About the University of Pennsylvania School of Veterinary Medicine
Penn Vet is a global leader in veterinary medicine education, research, and clinical care. Founded in 1884, Penn Vet is the only veterinary school developed in association with a medical school. The school is a proud member of the One Health Initiative, linking human, animal, and environmental health.
Penn Vet serves a diverse population of animals at its two campuses, which include extensive diagnostic and research laboratories. Ryan Hospital in Philadelphia provides care for dogs, cats, and other domestic/companion animals, handling more than 31,000 patient visits a year. New Bolton Center, Penn Vet's large-animal hospital on nearly 700 acres in rural Kennett Square, PA, cares for horses and livestock/farm animals. The hospital handles more than 4,000 patient visits a year, while the Field Service treats nearly 36,000 patients at local farms. In addition, New Bolton Center's campus includes a swine center, working dairy, and poultry unit that provide valuable research for the agriculture industry.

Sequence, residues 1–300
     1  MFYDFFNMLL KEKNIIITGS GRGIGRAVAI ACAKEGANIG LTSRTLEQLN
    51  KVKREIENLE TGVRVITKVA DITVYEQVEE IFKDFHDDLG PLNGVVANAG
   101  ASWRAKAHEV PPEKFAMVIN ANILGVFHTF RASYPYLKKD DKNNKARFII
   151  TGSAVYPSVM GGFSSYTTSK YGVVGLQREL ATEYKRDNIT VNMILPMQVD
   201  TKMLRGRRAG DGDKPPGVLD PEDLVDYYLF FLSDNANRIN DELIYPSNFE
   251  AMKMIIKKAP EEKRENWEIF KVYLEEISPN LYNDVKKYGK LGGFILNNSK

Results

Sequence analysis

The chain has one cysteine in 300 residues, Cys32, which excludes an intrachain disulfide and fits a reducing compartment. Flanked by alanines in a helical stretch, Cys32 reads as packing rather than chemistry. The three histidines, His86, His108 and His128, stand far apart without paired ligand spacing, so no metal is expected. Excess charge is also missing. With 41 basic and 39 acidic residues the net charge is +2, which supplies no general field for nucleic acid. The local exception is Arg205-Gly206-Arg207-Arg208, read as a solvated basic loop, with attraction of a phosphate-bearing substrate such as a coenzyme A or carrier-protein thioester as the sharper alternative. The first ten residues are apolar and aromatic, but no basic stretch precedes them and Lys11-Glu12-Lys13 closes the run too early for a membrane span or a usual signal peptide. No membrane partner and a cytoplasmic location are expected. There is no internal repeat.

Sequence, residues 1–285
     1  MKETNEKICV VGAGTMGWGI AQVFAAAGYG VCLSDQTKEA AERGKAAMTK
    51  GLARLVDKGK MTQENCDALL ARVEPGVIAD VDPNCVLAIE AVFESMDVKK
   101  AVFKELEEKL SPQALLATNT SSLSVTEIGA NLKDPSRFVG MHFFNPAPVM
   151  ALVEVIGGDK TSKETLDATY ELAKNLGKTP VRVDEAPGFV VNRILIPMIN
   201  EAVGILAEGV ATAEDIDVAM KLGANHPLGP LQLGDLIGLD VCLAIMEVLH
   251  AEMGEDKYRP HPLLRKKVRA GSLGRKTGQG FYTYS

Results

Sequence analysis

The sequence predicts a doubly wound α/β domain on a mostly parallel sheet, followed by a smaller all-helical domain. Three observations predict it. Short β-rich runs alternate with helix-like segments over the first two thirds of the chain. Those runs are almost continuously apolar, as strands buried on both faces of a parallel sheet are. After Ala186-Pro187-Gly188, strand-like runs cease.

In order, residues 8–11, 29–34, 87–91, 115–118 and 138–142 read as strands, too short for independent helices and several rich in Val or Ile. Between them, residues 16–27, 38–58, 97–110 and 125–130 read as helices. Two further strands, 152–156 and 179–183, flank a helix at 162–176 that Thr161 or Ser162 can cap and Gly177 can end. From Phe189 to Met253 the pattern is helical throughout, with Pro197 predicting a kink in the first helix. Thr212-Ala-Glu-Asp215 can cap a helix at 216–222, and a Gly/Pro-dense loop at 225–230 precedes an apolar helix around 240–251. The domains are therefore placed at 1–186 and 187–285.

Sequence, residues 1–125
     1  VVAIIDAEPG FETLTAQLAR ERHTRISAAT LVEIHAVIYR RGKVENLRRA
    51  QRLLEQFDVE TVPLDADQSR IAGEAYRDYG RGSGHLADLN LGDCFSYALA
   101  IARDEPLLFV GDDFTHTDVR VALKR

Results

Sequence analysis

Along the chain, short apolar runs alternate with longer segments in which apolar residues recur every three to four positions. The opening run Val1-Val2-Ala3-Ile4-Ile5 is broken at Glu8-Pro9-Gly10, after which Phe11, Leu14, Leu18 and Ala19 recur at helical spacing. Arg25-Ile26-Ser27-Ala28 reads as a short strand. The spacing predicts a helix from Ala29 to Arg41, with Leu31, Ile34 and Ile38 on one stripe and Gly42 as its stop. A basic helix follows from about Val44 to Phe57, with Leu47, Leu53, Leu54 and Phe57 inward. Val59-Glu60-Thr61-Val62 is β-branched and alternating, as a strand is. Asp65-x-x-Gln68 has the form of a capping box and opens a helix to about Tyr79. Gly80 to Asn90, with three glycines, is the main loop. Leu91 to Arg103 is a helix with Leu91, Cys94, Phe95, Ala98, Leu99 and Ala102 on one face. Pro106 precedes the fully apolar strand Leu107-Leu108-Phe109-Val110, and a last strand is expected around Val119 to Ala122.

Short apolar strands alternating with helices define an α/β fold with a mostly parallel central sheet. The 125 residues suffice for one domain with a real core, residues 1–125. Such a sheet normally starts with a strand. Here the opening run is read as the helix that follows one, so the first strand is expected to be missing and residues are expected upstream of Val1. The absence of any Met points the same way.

For more information, visit www.vet.upenn.edu.
AGTC is a clinical-stage biotechnology company that uses its proprietary gene therapy platform to develop products designed to transform the lives of patients with severe diseases in ophthalmology. AGTC's lead product candidates focus on X-linked retinoschisis, achromatopsia and X-linked retinitis pigmentosa, which are inherited orphan diseases of the eye, caused by mutations in single genes that significantly affect visual function and currently lack effective medical treatments. AGTC is also pursuing pre-clinical development of treatments for wet AMD using the company's experience in ophthalmology to expand into disease indications with larger markets.
CONTACT: Casey Williamson Michigan State University College of Veterinary Medicine T: (517) 353-9849 email@example.com Katherine Unger Baillie University of Pennsylvania T: (215) 898-9194 firstname.lastname@example.org David Carey Lazar Partners Ltd. for AGTC T: (212) 867-1768 email@example.com Larry Bullock Chief Financial Officer Applied Genetic Technologies Corporation T: (386) 462-2204 firstname.lastname@example.org
Source:Applied Genetic Technologies